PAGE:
Writer: Mike James
Director: Geinor Styles
Musical Director: Ben Goddard
Reviewer: Glen Pearce
Long before Sir Tom Jones sat in the big red revolving chairs on The Voice, a young Tommy Woodward was gaining his own reputation for his own voice in the pubs and clubs of 1960s Pontypridd.
From singing ballads solo in the pub to standing in at the last minute to replace the vocalist for local band The Senators, young Tommy Woodward soon becomes Tommy Scott and the road to super-stardom is set.
Mike James’ play may lead us to the inevitable stardom but it’s the journey that is important. The setbacks, the self –doubt, the impact on friends and family – all milestones that shape the future star. Perhaps as a counter balance to the instant celebrity shows such as Sir Tom’s The Voice now offer, here it’s a hard slog to stardom rather than overnight success. We may know the eventual outcome but even so, at times we begin to doubt Woodward/Scott/Jones will ever make it.
Set against the backdrop of Pontypridd’s terraces, James also captures the dark Welsh humour, quick with a witty put down but simmering just under the surface a quick Celtic temperament.
Though weaving in musical numbers this is no Jukebox musical; we move from the a capella early cabaret to the full rock sound but always as a play with music rather than a full blown musical. Those expecting wall to wall Jones hits will probably also be in for a surprise. It’s not until Tom receives his first number 1, It’s Not Unusual, that the Tom Jones songbook opens.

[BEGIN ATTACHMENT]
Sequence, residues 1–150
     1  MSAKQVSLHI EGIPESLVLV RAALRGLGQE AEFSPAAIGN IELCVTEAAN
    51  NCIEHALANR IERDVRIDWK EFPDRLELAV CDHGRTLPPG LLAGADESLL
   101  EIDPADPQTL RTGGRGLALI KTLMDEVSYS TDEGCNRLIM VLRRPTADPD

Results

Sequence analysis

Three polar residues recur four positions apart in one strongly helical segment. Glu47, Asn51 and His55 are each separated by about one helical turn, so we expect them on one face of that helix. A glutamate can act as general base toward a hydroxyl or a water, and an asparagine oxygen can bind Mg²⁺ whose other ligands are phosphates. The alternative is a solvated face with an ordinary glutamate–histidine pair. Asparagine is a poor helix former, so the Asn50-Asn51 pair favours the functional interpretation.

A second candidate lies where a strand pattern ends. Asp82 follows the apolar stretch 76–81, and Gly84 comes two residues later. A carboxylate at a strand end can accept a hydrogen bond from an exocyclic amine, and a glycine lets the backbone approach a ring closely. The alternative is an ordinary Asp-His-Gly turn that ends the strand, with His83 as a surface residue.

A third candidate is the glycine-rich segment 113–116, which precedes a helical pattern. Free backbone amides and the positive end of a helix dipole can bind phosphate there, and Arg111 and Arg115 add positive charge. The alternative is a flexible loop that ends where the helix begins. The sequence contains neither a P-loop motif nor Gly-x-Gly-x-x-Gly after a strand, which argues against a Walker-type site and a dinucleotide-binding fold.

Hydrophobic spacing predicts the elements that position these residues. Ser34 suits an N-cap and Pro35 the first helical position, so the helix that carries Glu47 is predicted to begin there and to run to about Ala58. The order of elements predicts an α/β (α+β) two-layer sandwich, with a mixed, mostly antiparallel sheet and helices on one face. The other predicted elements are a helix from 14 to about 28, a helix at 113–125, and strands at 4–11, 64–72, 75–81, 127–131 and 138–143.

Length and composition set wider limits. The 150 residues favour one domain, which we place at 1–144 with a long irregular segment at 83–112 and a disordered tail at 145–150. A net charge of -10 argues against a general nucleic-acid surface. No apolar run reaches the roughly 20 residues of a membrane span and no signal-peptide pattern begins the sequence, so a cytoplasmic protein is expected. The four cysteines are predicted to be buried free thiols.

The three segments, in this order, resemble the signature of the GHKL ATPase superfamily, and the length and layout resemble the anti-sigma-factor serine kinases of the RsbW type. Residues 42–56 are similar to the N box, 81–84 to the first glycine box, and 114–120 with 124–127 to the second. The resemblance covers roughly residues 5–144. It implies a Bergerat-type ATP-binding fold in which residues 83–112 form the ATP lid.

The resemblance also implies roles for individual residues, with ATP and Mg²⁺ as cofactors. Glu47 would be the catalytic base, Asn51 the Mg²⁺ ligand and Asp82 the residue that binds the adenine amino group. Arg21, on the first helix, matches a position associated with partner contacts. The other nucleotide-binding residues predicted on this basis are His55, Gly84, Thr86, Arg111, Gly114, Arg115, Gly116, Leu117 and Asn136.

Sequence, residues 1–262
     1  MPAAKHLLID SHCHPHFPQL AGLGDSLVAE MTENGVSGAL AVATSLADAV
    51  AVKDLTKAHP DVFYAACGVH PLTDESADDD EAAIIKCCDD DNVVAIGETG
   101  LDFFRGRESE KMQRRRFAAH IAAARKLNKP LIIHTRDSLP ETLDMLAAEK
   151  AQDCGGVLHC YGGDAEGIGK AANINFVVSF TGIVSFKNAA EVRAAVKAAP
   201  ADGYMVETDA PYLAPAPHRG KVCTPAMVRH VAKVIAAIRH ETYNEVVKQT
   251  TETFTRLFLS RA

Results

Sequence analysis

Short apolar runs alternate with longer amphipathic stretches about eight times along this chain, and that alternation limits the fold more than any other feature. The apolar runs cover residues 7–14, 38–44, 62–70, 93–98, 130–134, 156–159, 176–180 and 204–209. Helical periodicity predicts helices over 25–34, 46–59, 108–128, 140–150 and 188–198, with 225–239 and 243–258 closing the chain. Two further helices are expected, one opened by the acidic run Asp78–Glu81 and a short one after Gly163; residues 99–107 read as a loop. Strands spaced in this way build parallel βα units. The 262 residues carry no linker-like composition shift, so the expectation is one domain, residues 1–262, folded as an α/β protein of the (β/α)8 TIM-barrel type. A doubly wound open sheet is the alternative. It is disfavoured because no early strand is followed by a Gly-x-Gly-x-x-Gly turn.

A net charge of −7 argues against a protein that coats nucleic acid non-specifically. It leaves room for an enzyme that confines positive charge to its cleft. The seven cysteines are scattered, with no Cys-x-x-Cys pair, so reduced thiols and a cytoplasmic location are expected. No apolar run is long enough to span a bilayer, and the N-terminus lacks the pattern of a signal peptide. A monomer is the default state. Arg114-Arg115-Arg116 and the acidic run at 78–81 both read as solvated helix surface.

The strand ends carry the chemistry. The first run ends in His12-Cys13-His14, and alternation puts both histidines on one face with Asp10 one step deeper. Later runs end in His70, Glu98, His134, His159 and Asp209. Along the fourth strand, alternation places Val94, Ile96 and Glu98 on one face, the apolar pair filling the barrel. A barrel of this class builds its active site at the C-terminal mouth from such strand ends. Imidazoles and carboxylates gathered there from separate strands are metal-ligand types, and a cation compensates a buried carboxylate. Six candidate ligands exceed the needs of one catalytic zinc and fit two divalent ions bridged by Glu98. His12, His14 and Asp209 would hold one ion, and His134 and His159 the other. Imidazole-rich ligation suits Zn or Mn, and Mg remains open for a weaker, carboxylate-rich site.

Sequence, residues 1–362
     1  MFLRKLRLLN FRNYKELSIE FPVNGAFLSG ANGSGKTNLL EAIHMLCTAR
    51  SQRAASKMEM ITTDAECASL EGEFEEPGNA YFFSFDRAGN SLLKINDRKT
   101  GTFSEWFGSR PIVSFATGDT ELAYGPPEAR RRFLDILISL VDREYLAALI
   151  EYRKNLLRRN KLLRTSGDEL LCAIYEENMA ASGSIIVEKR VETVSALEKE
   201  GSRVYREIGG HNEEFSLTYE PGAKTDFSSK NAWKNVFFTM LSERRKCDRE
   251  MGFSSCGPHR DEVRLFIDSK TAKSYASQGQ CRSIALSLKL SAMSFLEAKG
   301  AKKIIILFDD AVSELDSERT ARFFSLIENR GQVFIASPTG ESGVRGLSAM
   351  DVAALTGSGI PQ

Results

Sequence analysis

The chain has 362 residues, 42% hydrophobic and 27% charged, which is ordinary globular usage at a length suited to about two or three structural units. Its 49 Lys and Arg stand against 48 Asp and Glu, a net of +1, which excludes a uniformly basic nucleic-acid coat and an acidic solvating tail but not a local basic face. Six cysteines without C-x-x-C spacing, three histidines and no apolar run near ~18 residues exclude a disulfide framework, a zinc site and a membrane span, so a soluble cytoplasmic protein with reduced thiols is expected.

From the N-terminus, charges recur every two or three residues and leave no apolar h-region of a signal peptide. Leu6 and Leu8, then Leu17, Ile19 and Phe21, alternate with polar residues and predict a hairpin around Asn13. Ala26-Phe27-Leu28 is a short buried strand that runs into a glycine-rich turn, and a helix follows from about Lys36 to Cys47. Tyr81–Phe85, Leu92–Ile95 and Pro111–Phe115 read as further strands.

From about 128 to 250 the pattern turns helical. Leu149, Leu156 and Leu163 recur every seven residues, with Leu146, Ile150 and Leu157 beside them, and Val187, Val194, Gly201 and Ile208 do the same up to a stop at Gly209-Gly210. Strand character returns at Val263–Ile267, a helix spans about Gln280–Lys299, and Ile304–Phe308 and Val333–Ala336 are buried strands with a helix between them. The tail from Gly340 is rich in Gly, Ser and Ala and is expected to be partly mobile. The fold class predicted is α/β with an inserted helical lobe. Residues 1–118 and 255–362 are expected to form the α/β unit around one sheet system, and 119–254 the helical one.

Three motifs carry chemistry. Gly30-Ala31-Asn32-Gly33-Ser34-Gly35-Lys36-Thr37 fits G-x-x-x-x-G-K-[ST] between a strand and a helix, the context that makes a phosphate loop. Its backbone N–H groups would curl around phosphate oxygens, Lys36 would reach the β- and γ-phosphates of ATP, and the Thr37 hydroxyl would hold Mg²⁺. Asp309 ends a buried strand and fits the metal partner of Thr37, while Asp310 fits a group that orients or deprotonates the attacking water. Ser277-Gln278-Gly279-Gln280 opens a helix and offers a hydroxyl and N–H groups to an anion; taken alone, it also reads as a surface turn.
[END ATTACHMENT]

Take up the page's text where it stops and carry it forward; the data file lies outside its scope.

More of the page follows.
The musical numbers are performed with skill and gusto by the company of actor musicians, with fully drawn characters alongside the musical virtuosity. Director Geinor Styles pitches the pace perfectly, focusing in on the intimate personal story before expanding into the larger than life onstage scenes.
It is in these personal scenes that we really get to understand what drives the future superstar and the foundations of his turbulent but long standing marriage to wife Linda (an impressive Elin Phillips).
While there are strong performances throughout the company, the show belongs, as one might suspect, to Tom himself. For a performer who has over the years gone through several incarnations and even been seen as a caricature of himself, these are big shoes to step into. Kit Orton delivers a thorough engrossing performance. From the first moments Orton sings it’s clear he has the vocal chords to do Jones credit. Orton carefully pitches the performance, sounding enough like Jones without it turning into a karaoke impression.
From the unaccompanied Spanish Harlem into the full throttle It’s Not Unusual, Orton captures the young Jones perfectly. By the time we reach the curtain call with a medley of Delilah, Green, Green Grass of Home and Sex Bomb, the vocals are an all-out vocal assault.
Much like the genuine Pontypridd lad, Orton’s pelvic thrusts get ladies of a certain age swooning or up on their feet and dancing in the aisles. While there are no knickers thrown at the stage this time around, it’s easy to imagine to it could be an occupational hazard.
Die-hard Tom Jones fans may not learn anything ground breaking about their idol, but for those perhaps more familiar with him from his current TV incarnation, theatr Na Nog’s joyful production will give an insight into the route to stardom the singer took. It may not be ground-breaking but for two hours of pure entertainment, Tom hits the mark, Sir Tom fan or not.
Runs until May 3rd